Monday, May 11, 2009

Recon Mission: Welch Quarry

Yesterday afternoon Brian and I hiked out the Welch's Spur, or Welch Quarry. This was an area I had yet to visit, but the history surrounding the quarry was intriguing. The 100+ year old quarry had supplied the stone for many of the buildings in Butte and Missoula. It was also near a formation called "Pipestone Rock" on the topo map, not to be confused with Spire Rock aka the King & Queen.

Some Background info:

The largest granite quarry near
Butte is located at Welch's Spur, 17 miles east of Butte. The
quarry is located on a spur of the main line and 1 1-2 miles from
Welch's station. The granite is fairly coarse grained, however,
not too coarse. The rock is black and white and docs not polish
well. The nodules that are found in this rock, as well as that
near Helena, are much darker than the granite proper, and very
fine grained.

The mass of granite forms a sort of dome, or anteclinc, from
a side view, and breaks off, when quarried, similar to the con-
centric decomposition of a granite boulder.

The working of this property is quite extensive, for Mon-
tana. The drilling and dressing and loading is done largely by
using compressed air as the power. The air is compressed on
the grounds by means of steam power and has a working pres-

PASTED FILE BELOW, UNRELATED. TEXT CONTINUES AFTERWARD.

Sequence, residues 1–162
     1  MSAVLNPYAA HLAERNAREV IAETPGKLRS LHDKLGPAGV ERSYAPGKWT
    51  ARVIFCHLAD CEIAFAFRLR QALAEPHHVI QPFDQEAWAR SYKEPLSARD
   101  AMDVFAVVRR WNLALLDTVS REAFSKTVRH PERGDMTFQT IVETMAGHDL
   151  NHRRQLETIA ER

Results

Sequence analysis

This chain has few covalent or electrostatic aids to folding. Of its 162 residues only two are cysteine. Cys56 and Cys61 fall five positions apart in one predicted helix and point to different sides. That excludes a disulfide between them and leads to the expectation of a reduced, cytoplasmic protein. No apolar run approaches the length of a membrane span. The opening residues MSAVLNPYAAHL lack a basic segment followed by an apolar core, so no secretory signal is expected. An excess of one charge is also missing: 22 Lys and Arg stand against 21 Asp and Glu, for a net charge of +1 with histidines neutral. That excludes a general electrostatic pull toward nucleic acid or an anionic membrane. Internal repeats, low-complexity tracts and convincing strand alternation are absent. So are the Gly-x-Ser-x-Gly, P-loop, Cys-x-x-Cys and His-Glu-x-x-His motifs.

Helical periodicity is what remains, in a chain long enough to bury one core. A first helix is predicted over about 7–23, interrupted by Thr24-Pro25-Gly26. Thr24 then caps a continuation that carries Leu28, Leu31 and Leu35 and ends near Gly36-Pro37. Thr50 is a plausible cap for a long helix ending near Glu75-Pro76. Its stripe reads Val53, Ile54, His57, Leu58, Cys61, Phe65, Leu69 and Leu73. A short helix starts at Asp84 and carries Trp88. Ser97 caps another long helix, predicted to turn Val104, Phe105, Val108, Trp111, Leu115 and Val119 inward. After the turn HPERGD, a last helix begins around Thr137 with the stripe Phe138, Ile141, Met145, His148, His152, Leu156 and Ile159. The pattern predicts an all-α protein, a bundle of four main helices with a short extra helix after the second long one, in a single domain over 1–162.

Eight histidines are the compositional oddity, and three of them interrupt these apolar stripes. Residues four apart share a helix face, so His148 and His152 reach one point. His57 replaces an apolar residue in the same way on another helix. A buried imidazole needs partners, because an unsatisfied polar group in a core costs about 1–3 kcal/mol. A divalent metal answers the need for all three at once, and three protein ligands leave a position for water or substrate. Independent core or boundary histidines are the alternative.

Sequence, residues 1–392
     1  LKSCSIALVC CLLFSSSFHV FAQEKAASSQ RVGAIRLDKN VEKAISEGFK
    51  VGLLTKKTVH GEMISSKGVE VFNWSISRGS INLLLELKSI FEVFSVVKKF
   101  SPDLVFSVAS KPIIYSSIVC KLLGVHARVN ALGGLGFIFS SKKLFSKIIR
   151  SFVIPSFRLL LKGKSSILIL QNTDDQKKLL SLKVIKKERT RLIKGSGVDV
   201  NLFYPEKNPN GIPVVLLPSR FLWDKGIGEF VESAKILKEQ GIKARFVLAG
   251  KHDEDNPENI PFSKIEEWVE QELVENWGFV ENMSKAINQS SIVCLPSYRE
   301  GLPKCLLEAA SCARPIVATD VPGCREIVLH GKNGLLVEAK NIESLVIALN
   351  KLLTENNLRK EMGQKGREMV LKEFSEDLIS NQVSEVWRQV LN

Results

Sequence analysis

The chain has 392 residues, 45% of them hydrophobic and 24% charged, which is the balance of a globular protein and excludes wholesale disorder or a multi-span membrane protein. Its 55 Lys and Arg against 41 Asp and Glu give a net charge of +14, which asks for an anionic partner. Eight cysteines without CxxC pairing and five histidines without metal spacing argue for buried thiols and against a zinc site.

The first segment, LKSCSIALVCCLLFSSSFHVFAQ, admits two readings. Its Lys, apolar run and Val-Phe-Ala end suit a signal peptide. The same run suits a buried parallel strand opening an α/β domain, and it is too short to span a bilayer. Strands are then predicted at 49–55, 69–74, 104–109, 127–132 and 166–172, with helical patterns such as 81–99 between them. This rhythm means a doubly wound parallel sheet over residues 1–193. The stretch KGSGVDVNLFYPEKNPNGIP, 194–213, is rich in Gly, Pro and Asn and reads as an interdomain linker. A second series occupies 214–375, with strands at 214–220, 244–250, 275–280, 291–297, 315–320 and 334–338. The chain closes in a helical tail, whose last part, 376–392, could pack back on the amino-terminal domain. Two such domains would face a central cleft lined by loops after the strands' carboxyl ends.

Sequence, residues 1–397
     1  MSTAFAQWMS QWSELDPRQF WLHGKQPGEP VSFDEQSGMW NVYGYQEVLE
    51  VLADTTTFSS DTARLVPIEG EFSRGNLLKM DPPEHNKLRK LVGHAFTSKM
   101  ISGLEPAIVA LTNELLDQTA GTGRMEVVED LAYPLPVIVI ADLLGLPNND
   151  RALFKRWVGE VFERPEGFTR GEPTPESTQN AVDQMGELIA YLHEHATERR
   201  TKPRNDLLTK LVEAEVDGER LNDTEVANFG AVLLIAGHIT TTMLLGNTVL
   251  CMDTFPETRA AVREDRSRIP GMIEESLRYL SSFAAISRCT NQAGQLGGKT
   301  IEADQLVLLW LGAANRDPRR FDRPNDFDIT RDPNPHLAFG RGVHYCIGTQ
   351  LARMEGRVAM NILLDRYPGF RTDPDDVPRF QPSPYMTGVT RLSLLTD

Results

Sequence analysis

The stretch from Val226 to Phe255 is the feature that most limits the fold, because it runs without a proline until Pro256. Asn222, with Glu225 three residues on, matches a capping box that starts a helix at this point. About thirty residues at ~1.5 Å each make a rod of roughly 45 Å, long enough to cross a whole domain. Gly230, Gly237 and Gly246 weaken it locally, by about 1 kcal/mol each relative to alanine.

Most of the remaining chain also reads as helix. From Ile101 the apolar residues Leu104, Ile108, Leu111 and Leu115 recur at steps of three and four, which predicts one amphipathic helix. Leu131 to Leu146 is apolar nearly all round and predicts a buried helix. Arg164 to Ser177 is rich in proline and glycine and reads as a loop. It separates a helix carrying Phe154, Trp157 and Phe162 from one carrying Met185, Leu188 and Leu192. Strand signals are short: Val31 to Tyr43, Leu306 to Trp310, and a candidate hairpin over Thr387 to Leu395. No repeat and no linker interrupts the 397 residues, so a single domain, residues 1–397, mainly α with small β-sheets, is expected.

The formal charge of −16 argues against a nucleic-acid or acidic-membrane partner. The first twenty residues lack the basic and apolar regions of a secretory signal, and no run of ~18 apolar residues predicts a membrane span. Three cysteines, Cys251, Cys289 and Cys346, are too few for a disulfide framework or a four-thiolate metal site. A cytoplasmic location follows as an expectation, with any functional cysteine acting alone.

sure of from 90 to 95 pounds to the square inch at the quarry.

The general working force is as follows : One compressed air
stone dresser, 3 hand dressers, 2 quarry men, 1 stoker, 1 black-
smith, 1 engineer, 1 crane tender, and 1 compressor tender.

Jesse Perry Rowe, "Some Economic Geology of Montana" (University of Montana, Bulletin No. 50, Geological Series No. 3, 10 March 1908).

New York Times article from May 8, 1907:

once we turned up the side canyon/gully that led to the quarry, we were greeted with our first views of Pipestone Rock

on the slope leading to the main formation, I saw this outcropping(~30-35' tall)...

Pipestone's south face is pretty much choss, like an uglier sister of King rock basically...we did a bit of 3rd classing up the southwest corner to the summit to have a look around...The granite up top was good, and nicely plated, and the summit made for some nice views

Brian and the Boulder Batholith, King & Queen are just above his head...

Looking down onto the quarry

On the summit was also a small alcove, with remnants of people camping through the years, as well as some carvings from 100+ years ago

"May 24 1906"

To the left of this carving in the alcove, there was a 10-12' VB boulder problem to the upper summit, consisting of large patina plates. As I climbed this, I knew I wasn't the only one to take this obvious path to the summit. Perhaps one of the oldest climbs in the Boulder Batholith.

We then made our way down to the creek and quarry

Looking back up at Pipestone Rock

All in all, it was a great afternoon: exploring new ground and old relics in a favorite area.



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